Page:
With resurgent extreme-right politics getting a grip on the nation, unemployment creeping steadily up and the country on tenterhooks after an annulled presidential election, Austria is living turbulent times. But it isn’t all bleak: there has been a boom in tourism and Vienna is topping quality of life surveys once again. Not to mention the forward-thinking chancellor and foreign minister – all little rays of hope that suggest the country can weather the storm.
Tables Turn on Immigration
As elsewhere in Europe, the hot talking point of the moment is the migrant crisis and its social and economic ramifications. Historically, Austria has a good track record of welcoming refugees and asylum seekers, for instance during the Balkans War in 1995 when thousands fled here from war-torn Yugoslavia. When the crisis reached its borders in 2015, Austria initially expressed its solidarity by assisting refugees who entered the country via Hungary with their onward journey. At Vienna’s Hauptbahnhof, a Train of Hope was set up, with volunteers helping refugees. In tune with neighbouring Germany’s open-door policies, Austria accepted 90,000 asylum applications in 2015 – one of Europe’s highest per capita. Then in August 2015, public opinion changed following the grim discovery of a truck containing the badly decomposing bodies of 71 migrants in the east of the country.
By 2016, the tables were turning. No longer able to cope with the influx of migrants and struggling to successfully integrate and find jobs for them amid rising unemployment, the country capped the maximum number of migrants at 37,500. Following the first round of presidential elections in April 2016, it introduced a highly controversial bill to allow 'a state of emergency', permitting the rejection of the vast majority of refugees at borders should numbers suddenly surge. A 4km fence was erected on the Slovenian border, and talks are in the pipeline about building further fences on the Hungarian and Italian (Brenner Pass) borders. The UN and asylum experts have condemned such actions as flouting human rights laws.
Presidential Elections: A Nation Divided
Another big talking point is the presidential elections (the role of Austria's president, however, is largely ceremonial). For the first time since WWII, neither of the country’s two main centrist parties made it to the second presidential run-off in May 2016. Instead, the vote swung between two unlikely neck-and-neck candidates: Alexander van der Bellen, an independent backed by the Greens, and Norbert Hofer, a member of the far-right populist Freedom Party (FPÖ). Van der Bellen won by a hair’s breadth, but ripples of shock shook the nation when the result was overturned by constitutional court due to ballot irregularities, and a re-vote was scheduled.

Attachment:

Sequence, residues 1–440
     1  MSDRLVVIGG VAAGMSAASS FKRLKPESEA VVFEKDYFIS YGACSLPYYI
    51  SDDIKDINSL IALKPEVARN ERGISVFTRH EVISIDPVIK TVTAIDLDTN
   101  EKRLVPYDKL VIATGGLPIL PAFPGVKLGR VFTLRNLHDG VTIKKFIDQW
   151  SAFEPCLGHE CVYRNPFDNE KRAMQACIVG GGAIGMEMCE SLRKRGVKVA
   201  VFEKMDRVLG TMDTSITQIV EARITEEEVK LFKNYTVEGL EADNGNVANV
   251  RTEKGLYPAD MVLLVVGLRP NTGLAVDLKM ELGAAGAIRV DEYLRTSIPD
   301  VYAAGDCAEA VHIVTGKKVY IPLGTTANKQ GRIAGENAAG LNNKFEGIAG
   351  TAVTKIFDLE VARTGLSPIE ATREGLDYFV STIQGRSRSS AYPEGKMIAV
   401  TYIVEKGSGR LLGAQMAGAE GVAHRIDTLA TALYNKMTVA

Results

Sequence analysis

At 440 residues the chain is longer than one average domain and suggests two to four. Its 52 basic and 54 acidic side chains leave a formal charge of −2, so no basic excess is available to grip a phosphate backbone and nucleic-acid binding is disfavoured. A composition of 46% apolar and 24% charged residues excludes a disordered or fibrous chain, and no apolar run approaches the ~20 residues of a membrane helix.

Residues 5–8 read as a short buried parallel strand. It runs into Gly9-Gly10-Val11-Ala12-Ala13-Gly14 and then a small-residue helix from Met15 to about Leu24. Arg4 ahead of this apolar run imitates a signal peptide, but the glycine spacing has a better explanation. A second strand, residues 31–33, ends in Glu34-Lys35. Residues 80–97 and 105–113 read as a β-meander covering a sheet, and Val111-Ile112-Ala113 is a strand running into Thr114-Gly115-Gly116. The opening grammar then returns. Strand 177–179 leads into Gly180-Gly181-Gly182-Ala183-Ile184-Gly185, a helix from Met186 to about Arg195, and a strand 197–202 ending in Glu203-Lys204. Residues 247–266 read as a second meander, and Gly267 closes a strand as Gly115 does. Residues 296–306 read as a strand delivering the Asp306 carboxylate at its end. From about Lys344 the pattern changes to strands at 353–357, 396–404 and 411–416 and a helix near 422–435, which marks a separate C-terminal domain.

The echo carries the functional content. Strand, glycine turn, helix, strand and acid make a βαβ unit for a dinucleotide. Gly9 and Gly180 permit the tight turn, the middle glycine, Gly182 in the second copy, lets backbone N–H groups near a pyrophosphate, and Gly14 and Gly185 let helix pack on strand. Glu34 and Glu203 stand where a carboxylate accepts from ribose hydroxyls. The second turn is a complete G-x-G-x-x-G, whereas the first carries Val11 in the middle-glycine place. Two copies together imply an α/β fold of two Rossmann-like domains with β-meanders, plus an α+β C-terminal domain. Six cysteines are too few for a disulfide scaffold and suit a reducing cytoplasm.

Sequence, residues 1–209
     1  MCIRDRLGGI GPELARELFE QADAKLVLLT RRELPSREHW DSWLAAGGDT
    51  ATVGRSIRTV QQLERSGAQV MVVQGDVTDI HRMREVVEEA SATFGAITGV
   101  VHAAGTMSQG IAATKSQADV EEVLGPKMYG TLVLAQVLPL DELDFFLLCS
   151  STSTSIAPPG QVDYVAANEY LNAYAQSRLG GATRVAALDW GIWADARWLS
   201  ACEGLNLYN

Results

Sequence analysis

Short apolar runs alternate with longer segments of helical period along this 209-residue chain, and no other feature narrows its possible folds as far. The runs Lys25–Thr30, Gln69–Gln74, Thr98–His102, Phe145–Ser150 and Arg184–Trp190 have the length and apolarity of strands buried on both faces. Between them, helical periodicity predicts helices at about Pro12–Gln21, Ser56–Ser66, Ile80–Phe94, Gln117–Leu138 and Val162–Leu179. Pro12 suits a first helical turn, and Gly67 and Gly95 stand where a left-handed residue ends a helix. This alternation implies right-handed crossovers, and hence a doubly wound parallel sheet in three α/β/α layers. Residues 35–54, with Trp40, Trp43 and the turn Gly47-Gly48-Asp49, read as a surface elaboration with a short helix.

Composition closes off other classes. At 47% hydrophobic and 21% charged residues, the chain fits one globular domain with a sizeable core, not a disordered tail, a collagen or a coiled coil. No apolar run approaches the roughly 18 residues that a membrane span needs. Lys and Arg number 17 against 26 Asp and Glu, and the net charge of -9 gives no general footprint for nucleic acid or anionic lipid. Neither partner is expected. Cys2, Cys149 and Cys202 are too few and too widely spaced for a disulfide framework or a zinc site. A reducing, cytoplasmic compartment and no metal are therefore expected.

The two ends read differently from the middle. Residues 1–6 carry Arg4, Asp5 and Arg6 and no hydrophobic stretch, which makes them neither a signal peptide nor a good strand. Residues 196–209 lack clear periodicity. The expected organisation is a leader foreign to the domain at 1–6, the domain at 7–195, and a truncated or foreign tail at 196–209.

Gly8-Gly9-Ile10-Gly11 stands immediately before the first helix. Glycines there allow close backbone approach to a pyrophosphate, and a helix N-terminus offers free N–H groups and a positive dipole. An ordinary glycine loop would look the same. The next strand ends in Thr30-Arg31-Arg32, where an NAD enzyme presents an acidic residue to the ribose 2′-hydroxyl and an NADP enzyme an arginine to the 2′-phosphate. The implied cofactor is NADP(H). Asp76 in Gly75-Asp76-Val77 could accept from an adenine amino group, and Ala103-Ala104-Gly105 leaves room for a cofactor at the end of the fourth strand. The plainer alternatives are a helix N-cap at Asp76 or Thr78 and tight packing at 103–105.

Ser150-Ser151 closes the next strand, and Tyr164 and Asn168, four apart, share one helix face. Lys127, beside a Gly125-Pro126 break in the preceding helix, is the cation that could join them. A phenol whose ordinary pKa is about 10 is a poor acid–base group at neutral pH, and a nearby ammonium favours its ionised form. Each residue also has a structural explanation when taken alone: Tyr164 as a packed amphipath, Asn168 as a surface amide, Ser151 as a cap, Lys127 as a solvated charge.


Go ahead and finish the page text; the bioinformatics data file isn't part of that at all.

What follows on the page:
Right vs Left
The 2016 presidential elections clearly indicated that populism in Austria is on rise. The reasons for this are complex, but issues such as the handling of the migrant crisis, disillusionment with the mainstream political parties and fears for the future (unemployment currently stands at 8.6%) are all key topics.
In this climate of uncertainty, Hofer’s popularity has gone from strength to strength. Though critics see him as a wolf in sheep’s clothing, the 45-year-old family man's message about ‘putting Austria first’ has struck a chord with many.
On the other side of the fence is progressive Green candidate Alexander van der Bellen, a 72-year-old retired economics professor, who dreams of a border-free ‘United States of Europe’.
Austria may have some clouds looming overhead, but some political silver linings are giving the country hope. The former CEO of Austrian Federal Railways (ÖBB), Christian Kern of the SPÖ, became chancellor in May 2016 (in Austria, the federal chancellor is the true head of government). He oversaw the mass influx of refugees by rail and after election called for an EU shakeup in the wake of Brexit.
The nation’s focus is also on 30-year-old Sebastian Kurz, a member of the Austrian People's Party (ÖVP) and the world’s youngest foreign minister. Seeing the recent presidential elections as a catalyst for change, he has called for a better control of EU borders. With his bold thinking and frank speaking, he believes in helping immigrants by giving them what they need to integrate successfully.
Rising unemployment and political tussles aside, Vienna has every reason to celebrate. Its recently completed Hauptbahnhof has given the capital a new sheen, while Eurovison 2015 put it in the continent's spotlight. And the tourism boom that has swept across the country has been particularly spectacular here, thanks in part to a raft of new flights.
In terms of living standards, Vienna remains at the top of the class: in 2016 global consulting firm Mercer ranked it as the world's most liveable city for the seventh year in a row.